Rankin does not put a foot wrong in what is possibly his most ambitious book yet. He manages to sustain 3, no 4, seemingly separate but highly interlinked plot-lines running: two murders; a missing teenager; and the apparent spoof burial of two fake skeletons. Fleshmarket Close directly tackles racism, asylum and immigration issues in a chillingly frank fashion. What I liked best about this book though was the way Rebus himself has become both more hardened and more humane at the same time - a very effective development. His bitter, give-a-damn demeanor now declares very loudly that he knows the system, the law delivers very little by way of real justive but he's damned if that's going to stop him trying to be its conscience. Welcome returns from characters like Big Ger Cafferty and Siobhan Clarke as well. This really is Rankin bettering his best.
Five Stars July 10 2014
By David O' Shea - Published on Amazon.com
Format: Kindle Edition Verified Purchase
Brilliant book with lots of twists
Unknown Rebus May 7 2012
By Sean Smyth - Published on Amazon.com
Format: Kindle Edition Verified Purchase
Well written. I didn't get the Edinburgh I remembered but maybe this is more the underside. Very interesting the way the author makes you think about racism. The solicitor guy says " we are all racist; it depends on what we do about it". When you read it you will be aware "we are all tribal; it depends on how we handle it". The immigration officer is black and a "Londoner", another label. Another scoundrel is Irish, a rapist is Scottish and on it goes. There are good bad and ugly in all races. This is my first encounter with Rebus, the detective, and that is a disadvantage. I think I would enjoy him much more had I been familiar with his other novels. This is my fourth or fifth book set in "northern countries" Iceland, Norway, Sweden and Scotland. They are not unique and they point out that the "migration problem" must be faced. Keeping people in holding centres as described in this novel is not the way. Our society needs to be educated to get along together.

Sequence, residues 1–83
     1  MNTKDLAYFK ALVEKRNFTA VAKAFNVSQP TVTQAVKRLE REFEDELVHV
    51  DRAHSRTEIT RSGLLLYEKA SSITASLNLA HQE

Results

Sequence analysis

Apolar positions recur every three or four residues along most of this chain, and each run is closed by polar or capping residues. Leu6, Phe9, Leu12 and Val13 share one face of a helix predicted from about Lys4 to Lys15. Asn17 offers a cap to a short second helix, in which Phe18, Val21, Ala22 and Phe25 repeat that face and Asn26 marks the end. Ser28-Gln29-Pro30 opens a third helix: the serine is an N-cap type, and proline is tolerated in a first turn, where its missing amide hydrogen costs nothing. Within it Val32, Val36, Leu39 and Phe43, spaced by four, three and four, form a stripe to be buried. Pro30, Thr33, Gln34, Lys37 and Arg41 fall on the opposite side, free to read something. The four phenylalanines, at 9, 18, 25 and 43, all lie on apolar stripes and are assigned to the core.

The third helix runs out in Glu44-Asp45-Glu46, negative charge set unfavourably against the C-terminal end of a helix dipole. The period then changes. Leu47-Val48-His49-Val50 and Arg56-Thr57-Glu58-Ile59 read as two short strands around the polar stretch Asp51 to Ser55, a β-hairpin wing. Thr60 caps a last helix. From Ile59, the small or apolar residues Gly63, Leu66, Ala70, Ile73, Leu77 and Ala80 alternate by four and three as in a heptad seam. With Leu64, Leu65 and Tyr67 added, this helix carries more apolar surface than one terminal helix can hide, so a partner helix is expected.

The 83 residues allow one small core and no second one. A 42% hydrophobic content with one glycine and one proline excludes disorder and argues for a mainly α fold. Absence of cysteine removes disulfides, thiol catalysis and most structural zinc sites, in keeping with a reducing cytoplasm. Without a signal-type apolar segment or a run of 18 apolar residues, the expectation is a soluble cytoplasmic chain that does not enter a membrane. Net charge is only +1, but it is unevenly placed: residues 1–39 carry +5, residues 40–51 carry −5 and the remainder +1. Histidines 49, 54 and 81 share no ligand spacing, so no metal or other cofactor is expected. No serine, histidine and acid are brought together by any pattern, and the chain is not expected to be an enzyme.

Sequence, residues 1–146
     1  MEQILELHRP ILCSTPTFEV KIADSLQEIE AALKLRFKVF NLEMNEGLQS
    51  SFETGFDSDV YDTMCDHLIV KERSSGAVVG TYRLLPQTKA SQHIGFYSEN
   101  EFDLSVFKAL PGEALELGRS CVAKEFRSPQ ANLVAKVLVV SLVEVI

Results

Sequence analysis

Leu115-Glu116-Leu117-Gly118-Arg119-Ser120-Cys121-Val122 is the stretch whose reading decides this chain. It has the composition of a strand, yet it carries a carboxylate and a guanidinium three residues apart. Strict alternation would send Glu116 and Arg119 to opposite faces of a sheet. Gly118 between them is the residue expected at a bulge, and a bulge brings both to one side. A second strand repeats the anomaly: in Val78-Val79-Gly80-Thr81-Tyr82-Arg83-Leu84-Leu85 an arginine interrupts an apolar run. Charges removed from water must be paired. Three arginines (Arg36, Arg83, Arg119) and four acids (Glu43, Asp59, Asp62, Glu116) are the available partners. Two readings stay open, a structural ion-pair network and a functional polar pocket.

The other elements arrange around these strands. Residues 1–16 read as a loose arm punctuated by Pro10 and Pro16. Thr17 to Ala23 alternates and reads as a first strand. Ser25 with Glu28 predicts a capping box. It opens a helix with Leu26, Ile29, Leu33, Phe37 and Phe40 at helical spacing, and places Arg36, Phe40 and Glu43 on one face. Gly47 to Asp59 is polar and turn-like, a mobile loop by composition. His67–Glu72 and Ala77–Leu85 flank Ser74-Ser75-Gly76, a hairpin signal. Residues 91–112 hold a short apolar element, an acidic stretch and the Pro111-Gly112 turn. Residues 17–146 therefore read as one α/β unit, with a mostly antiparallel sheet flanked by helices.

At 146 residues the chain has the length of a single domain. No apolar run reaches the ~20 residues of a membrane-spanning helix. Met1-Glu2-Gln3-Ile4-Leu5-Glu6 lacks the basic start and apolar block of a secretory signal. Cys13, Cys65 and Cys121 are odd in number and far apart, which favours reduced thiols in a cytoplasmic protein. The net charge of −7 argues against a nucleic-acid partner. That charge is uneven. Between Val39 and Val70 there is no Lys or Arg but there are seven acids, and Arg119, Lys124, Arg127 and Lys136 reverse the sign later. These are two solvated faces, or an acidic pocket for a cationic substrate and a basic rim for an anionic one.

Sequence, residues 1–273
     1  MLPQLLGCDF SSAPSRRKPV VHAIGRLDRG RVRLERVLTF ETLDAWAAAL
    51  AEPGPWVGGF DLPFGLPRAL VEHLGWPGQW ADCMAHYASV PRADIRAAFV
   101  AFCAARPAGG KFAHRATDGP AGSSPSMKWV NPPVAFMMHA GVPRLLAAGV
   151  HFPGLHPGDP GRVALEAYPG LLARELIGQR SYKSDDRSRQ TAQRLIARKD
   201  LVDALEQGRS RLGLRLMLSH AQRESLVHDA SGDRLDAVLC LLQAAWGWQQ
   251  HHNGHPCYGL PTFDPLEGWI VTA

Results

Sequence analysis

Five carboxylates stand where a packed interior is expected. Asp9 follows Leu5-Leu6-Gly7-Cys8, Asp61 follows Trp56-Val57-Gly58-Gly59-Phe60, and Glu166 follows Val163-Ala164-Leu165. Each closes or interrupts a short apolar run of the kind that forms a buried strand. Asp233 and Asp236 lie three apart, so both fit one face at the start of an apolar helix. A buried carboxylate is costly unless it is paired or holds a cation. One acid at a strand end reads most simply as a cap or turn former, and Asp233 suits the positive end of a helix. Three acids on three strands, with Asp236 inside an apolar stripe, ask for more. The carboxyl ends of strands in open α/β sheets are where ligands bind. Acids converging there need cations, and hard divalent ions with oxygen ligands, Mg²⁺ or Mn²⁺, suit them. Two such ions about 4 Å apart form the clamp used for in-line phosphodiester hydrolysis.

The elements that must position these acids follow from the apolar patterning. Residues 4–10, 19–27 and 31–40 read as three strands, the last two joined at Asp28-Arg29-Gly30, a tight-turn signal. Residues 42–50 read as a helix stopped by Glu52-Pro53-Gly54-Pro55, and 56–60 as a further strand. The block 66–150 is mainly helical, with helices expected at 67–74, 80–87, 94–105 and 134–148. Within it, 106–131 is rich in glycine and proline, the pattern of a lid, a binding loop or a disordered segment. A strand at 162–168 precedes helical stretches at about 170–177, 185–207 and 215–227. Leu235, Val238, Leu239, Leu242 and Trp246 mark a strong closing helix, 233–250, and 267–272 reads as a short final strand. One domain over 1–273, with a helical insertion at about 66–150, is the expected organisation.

OK Thriller But Long-Winded Dec 4 2011
By James A. Anderson - Published on Amazon.com
Not Ian Rankin at his finest, but still an OK thriller. I found it hard to get into but after 50 pages or so it started to pick up pace and captured my interest. Rankin juggles three subplots here and provides a satisfactory conclusion. Great descriptions of Edinburgh and its seedy underbelly which most tourists never get to see.

I thought the novel was a bit long-winded and could have uswed some judicious editing. At almost 500 pages long, it's a bit wordy for a mystery and should have been about 80-100 pages shorter. Still #15 in the Rebus series is a fine read. I look forward to the final two in the series.
far too long-winded to be called a 'thriller' April 20 2008
By N. Page - Published on Amazon.com
Format: Paperback
..an enjoyable enough read but at nearly 500 pages this is at least 150 pages too long. As pointed out there are four or five seemingly unconnected plots going on here, each developed with a certain tedium to the point where Rebus is forced to tie all the lose ends together and wrap the whole thing up in the last 10-20 pages. Ranking & Rebus have evidently attained such a level of success that the publisher doesn't feel the need for some tighter editing. If you enjoy page after page of Rebus drinking, eating & painfully trying to develop a relationship with a woman plainly unsuited then this is highly recommended.